But he’s nice enough and I’m all checked in with a backcountry pass and bear canister, tide chart and topo of the coast.
At the Safeway I get a loaf of sour dough bread, turkey, salami, cheese, apples, granola bars and hummus for 20 bucks. I was never able to find fuel canisters for my exotic European stove, so it will be cold meals for the next few days.
The road winds into the mountains, from four lanes to two, just the hint of snow-capped mountains ahead, rolling stretches of evergreens for miles around. The sun is out now and golden light filters down onto a lake beside the road, and there’s a thin strip between the two of long golden grass and white birch trees, which lean over the water in picturesque angles.
Further still the mountains level out and I’m actually out of the park. There are residences of locals with mailboxes leaning out of the foliage. Most of these settlements are Native American: the distinctive script and lettering of their tribal words reminds me a bit of Tolkien’s elvish.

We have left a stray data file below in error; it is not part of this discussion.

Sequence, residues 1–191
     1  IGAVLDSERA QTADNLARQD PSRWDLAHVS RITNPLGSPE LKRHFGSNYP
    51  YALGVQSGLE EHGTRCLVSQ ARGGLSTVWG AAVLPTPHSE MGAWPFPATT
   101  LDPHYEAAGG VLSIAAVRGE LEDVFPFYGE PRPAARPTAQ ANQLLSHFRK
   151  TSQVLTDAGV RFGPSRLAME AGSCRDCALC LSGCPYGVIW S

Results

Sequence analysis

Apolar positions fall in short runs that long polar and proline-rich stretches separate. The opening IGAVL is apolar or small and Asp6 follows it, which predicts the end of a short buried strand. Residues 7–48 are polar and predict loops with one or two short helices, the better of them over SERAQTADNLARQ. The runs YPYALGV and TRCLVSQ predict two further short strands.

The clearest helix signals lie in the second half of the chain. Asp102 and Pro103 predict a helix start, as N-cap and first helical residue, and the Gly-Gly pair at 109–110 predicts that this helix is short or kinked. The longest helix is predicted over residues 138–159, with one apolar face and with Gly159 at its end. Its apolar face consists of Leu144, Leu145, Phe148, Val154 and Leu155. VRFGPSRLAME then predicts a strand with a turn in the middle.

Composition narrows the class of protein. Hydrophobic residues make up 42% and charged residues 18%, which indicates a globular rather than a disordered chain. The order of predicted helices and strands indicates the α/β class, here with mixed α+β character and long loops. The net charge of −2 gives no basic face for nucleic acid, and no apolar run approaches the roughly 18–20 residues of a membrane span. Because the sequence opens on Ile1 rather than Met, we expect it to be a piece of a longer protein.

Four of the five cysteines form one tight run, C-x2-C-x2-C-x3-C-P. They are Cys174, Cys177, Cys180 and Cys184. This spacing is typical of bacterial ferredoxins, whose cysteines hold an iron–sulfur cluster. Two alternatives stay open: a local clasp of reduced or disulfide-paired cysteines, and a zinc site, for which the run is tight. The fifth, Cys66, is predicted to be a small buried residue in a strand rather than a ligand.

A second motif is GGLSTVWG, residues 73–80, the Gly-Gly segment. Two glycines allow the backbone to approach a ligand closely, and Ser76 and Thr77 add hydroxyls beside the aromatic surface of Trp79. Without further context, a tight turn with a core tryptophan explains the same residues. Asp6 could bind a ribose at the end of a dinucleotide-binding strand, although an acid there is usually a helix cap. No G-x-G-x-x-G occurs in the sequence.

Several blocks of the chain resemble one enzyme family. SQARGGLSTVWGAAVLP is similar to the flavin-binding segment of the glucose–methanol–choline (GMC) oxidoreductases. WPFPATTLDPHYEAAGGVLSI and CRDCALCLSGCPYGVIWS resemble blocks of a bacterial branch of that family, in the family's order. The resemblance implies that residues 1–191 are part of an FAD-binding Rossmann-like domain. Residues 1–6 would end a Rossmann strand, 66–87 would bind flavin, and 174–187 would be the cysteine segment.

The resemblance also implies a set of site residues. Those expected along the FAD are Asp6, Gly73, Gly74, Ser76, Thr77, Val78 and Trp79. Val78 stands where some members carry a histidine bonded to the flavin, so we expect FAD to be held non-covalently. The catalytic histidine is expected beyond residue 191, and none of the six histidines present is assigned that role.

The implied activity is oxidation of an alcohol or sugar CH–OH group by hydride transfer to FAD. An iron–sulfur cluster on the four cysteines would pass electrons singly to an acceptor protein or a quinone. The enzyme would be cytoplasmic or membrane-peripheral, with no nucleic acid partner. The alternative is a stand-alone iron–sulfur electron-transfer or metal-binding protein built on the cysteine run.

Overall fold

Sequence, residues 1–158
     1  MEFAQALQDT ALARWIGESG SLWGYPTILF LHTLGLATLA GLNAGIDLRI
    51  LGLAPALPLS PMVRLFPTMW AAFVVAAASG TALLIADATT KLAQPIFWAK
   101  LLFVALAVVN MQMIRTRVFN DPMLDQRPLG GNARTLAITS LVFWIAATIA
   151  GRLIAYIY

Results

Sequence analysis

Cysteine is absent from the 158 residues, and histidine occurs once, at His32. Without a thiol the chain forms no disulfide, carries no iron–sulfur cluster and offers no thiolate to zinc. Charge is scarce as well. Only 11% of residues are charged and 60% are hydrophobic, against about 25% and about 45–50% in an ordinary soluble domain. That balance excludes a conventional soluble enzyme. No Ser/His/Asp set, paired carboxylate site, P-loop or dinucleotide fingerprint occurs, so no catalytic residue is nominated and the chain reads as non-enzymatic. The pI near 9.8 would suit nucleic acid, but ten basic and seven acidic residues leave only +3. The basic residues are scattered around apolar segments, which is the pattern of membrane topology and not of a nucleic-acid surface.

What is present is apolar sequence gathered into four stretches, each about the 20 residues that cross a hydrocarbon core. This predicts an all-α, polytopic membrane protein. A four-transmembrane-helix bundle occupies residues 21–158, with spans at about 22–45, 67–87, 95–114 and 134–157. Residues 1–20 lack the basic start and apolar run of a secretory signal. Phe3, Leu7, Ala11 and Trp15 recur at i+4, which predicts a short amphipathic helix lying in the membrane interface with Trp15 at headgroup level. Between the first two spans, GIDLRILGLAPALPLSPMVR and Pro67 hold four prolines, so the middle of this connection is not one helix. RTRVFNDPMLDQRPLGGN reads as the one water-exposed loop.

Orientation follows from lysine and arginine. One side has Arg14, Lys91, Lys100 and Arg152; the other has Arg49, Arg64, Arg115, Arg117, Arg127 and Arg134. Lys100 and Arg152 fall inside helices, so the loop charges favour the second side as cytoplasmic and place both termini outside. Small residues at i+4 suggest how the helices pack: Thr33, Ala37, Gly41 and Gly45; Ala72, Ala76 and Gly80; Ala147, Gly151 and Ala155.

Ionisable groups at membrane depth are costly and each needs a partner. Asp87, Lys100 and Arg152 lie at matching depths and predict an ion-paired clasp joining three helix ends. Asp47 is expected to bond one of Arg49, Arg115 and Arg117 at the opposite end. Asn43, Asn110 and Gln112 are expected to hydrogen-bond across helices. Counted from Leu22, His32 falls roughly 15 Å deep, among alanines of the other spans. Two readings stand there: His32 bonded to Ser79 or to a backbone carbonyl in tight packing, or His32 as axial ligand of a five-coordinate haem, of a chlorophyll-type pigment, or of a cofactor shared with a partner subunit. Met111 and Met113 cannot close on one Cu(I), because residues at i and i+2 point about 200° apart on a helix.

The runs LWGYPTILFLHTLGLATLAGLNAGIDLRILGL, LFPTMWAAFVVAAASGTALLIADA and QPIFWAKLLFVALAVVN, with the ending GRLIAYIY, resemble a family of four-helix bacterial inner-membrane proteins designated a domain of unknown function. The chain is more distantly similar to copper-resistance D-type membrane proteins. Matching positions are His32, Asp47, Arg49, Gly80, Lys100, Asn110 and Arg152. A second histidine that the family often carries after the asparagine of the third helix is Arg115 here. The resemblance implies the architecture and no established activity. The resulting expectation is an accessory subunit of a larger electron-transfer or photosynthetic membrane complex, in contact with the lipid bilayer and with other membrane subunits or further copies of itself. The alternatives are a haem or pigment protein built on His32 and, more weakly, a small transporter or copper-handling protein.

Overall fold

There’s a new phenomenon about town – Twilight. I pass through Mora and see a sign proclaiming “no vampires beyond this point”. A preteen girl is snapping a photo, her compliant Mom a foot away, watching. I know next to nothing about the series, but I guess it’s set here, in these misty forests and coastlines of the Pacific Northwest, as fitting a setting for the restless undead and lycanthropes as any.
When I step into the forest, I’m reminded of another Tolkien allusion – Legolas saying the trees are old. Many of the hulks are dead and rotting where they stand, coated in a green fur of moss, strong new trees growing from the established bases and root system. The forest floor is a mess of rot and deadwood and brush, but above all that are ferns, their delicate fronds giving the fen a feathered and soft demeanor. The last of the morning mists seep away into the distant unknowable wood, and the gaps between the great trees are gray and haunted.